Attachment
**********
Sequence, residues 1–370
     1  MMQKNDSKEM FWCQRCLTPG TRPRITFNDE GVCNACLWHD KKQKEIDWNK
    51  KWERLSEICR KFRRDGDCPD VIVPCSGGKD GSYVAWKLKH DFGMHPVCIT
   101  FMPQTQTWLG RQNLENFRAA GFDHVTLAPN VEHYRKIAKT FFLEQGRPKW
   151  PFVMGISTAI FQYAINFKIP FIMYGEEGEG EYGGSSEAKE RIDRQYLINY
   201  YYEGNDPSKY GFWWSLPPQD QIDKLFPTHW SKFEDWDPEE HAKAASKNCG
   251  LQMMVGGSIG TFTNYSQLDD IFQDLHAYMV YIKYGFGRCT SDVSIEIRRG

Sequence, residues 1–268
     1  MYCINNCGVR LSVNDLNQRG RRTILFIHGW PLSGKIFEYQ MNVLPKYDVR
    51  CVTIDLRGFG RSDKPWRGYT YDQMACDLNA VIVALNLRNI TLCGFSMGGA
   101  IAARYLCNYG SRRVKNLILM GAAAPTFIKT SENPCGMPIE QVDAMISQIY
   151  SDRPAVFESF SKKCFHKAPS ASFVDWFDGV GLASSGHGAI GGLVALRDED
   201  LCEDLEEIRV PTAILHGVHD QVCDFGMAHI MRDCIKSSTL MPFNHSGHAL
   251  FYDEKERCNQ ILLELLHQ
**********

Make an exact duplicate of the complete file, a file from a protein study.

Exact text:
Sequence, residues 1–370
     1  MMQKNDSKEM FWCQRCLTPG TRPRITFNDE GVCNACLWHD KKQKEIDWNK
    51  KWERLSEICR KFRRDGDCPD VIVPCSGGKD GSYVAWKLKH DFGMHPVCIT
   101  FMPQTQTWLG RQNLENFRAA GFDHVTLAPN VEHYRKIAKT FFLEQGRPKW
   151  PFVMGISTAI FQYAINFKIP FIMYGEEGEG EYGGSSEAKE RIDRQYLINY
   201  YYEGNDPSKY GFWWSLPPQD QIDKLFPTHW SKFEDWDPEE HAKAASKNCG
   251  LQMMVGGSIG TFTNYSQLDD IFQDLHAYMV YIKYGFGRCT SDVSIEIRRG

Sequence, residues 1–268
     1  MYCINNCGVR LSVNDLNQRG RRTILFIHGW PLSGKIFEYQ MNVLPKYDVR
    51  CVTIDLRGFG RSDKPWRGYT YDQMACDLNA VIVALNLRNI TLCGFSMGGA
   101  IAARYLCNYG SRRVKNLILM GAAAPTFIKT SENPCGMPIE QVDAMISQIY
   151  SDRPAVFESF SKKCFHKAPS ASFVDWFDGV GLASSGHGAI GGLVALRDED
   201  LCEDLEEIRV PTAILHGVHD QVCDFGMAHI MRDCIKSSTL MPFNHSGHAL
   251  FYDEKERCNQ ILLELLHQ